The level of how “good” you are is defined by your competition.
For example, if you are playing with neighbors once a week around a home table, a little extra self-improvement effort makes you the big frog.
In a pool hall, the regulars are of higher caliber. It will take a lot more time and effort to improve enough to become competitive—and a lot of practicing (and instruction) to rise to the top of that group.
There are three things that determine good:
Breadth of knowledge
Knowledge is gained from experience (this assumes you are paying attention to your mistakes—and the mistakes of others). You learn the most from losing, and the least from winning. To gain knowledge, when you experience a loss figure out what the causes were and practice the skills needed. Make mental adjustments to your playing style. That is what will improve your chances of success.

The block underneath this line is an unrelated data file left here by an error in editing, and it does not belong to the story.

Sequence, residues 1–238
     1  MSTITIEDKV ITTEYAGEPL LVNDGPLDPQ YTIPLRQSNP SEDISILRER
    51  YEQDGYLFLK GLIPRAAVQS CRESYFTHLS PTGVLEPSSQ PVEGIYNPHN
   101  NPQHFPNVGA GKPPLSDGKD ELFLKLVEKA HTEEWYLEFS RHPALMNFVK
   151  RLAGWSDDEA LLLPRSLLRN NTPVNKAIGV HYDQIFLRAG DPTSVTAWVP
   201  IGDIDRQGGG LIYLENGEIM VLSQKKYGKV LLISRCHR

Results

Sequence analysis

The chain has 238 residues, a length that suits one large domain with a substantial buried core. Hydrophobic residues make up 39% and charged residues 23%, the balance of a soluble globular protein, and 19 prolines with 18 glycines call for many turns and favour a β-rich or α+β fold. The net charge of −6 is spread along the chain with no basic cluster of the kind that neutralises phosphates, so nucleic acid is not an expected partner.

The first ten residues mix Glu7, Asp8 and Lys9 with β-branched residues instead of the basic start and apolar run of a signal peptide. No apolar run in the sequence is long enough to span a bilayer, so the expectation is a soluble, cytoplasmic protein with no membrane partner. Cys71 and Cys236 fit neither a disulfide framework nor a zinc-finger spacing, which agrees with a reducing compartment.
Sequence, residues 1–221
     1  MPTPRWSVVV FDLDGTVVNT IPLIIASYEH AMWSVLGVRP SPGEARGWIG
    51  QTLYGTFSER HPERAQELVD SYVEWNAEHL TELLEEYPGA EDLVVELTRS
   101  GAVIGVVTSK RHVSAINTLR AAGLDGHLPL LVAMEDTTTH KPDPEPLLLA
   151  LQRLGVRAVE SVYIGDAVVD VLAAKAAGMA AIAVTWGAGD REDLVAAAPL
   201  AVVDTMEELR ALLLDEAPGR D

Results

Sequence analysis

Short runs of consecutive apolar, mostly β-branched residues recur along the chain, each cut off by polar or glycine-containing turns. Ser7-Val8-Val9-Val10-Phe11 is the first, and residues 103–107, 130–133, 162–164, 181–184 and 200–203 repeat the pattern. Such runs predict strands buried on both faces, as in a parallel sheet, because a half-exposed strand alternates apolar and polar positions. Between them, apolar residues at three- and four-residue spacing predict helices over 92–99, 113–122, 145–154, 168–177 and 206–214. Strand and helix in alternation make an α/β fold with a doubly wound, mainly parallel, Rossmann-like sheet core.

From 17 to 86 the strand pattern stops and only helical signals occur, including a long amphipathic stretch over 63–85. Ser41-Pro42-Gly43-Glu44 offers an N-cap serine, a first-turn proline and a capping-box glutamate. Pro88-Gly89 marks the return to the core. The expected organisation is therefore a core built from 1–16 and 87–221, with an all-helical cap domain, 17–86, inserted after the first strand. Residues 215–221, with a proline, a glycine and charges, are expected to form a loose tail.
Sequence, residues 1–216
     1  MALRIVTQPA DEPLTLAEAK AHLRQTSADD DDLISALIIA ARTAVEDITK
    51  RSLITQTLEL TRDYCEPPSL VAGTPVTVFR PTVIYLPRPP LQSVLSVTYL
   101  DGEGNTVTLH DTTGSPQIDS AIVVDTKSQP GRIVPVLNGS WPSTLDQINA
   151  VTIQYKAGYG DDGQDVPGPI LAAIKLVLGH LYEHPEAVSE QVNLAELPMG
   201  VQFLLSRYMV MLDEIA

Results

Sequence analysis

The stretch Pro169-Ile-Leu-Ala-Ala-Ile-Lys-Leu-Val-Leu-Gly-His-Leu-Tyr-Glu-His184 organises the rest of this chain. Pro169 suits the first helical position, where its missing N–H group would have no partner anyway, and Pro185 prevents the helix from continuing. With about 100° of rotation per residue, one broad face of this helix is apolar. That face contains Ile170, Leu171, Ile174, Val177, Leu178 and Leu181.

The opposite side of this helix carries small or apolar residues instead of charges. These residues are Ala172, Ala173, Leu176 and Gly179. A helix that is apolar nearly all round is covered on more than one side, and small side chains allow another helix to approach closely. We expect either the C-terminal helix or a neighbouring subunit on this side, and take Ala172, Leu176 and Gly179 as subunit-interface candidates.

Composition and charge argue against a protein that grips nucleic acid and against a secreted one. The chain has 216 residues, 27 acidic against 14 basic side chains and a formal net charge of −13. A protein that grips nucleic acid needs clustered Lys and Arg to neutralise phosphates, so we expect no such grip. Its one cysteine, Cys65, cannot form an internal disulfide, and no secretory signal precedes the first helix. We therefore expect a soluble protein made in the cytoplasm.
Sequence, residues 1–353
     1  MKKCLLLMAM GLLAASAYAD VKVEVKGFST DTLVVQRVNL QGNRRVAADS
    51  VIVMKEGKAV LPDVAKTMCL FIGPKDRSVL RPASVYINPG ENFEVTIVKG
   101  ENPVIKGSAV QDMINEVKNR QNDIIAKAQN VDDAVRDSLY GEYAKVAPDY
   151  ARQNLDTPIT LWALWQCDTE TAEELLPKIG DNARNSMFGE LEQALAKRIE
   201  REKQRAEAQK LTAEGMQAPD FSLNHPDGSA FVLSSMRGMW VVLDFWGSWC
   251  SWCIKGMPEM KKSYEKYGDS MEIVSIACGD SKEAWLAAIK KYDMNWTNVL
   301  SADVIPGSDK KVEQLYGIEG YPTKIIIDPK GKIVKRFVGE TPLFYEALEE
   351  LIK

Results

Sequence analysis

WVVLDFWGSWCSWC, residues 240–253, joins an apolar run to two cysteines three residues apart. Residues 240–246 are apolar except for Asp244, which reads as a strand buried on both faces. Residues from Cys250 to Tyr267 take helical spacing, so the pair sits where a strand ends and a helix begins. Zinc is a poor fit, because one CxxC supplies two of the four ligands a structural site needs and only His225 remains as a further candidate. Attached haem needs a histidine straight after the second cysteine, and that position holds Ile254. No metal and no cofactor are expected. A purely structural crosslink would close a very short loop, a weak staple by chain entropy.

Whether we like it or not, failure is what sharpens the mind. Keep in mind that nothing can be learned from success, except that you become a little too arrogant and there are a lot of people who will be happy to trim your pride.